The effect of charge on the uptake and resistance to reduction of platinum(iv) complexes in human serum and whole blood models†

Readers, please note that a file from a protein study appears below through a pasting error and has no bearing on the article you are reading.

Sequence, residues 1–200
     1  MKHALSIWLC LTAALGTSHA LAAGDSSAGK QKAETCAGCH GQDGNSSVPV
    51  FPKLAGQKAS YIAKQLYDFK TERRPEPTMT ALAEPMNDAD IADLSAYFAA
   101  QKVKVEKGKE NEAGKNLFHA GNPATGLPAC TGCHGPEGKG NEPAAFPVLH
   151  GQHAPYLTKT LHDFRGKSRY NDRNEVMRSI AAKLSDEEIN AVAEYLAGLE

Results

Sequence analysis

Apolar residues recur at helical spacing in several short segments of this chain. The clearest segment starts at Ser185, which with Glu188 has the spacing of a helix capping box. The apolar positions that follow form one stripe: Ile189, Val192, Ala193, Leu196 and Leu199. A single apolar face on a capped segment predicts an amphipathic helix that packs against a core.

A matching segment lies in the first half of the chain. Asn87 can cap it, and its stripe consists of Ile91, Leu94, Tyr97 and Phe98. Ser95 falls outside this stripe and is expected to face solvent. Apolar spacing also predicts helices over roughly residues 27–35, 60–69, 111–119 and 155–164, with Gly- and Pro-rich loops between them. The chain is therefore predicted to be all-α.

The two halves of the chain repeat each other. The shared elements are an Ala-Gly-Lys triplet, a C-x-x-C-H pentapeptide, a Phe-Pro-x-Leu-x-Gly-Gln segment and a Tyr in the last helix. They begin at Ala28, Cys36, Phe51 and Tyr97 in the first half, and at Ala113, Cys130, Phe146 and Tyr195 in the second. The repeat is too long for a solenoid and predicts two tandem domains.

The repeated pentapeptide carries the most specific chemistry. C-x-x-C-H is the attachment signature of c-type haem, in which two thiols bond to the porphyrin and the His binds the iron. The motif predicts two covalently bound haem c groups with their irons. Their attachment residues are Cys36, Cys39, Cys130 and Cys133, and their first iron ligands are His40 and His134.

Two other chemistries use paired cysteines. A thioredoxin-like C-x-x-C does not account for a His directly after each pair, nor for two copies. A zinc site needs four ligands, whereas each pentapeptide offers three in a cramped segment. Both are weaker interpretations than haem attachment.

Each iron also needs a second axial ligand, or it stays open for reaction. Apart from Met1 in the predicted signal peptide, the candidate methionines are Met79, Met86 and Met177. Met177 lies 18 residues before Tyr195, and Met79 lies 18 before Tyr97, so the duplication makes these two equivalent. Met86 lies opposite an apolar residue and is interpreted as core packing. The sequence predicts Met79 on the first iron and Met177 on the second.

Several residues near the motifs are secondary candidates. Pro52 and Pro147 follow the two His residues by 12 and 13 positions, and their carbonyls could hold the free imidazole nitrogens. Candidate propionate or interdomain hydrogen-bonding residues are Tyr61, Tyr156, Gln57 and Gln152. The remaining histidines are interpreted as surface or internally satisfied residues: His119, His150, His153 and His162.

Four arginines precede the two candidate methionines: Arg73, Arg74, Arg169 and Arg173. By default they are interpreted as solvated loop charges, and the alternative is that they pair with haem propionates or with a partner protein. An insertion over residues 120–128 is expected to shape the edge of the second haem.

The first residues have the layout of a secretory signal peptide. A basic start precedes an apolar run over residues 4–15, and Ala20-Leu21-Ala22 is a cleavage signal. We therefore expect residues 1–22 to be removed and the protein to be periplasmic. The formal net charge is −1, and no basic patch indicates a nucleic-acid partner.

cis- and trans-Platinum(IV) complexes with diaminetetracarboxylate coordination spheres possess the highly desirable property of exhibiting unusual resistance to reduction by blood serum components and endogenous reductants such as ascorbate. At the same time they are rapidly reduced in the intracellular environment of cancer cells. Consequently, they can potentially be tuned to remain intact in vivo until arrival at the tumour target where they are rapidly reduced to yield the active platinum(II) species. However, in order to achieve this, uptake must be largely restricted to tumour cells and therefore uptake by healthy cells including red blood cells must be prevented. In this proof of concept study, we report on the effect of net charge as a means of controlling the uptake by red blood cells. Using 1H NMR spectroscopy we found that modifying the net charge of the complex does not influence the rate of reduction of the complexes by an excess of ascorbate. Using XANES spectroscopy we found that modifying the net charge of the platinum(IV) complexes decreased the extent of reduction in whole blood, although probably not to the degree needed for the optimal delivery to tumours. Therefore, it is likely to be necessary to adopt higher charges and/or additional strategies to keep platinum(IV) prodrugs out of blood cells.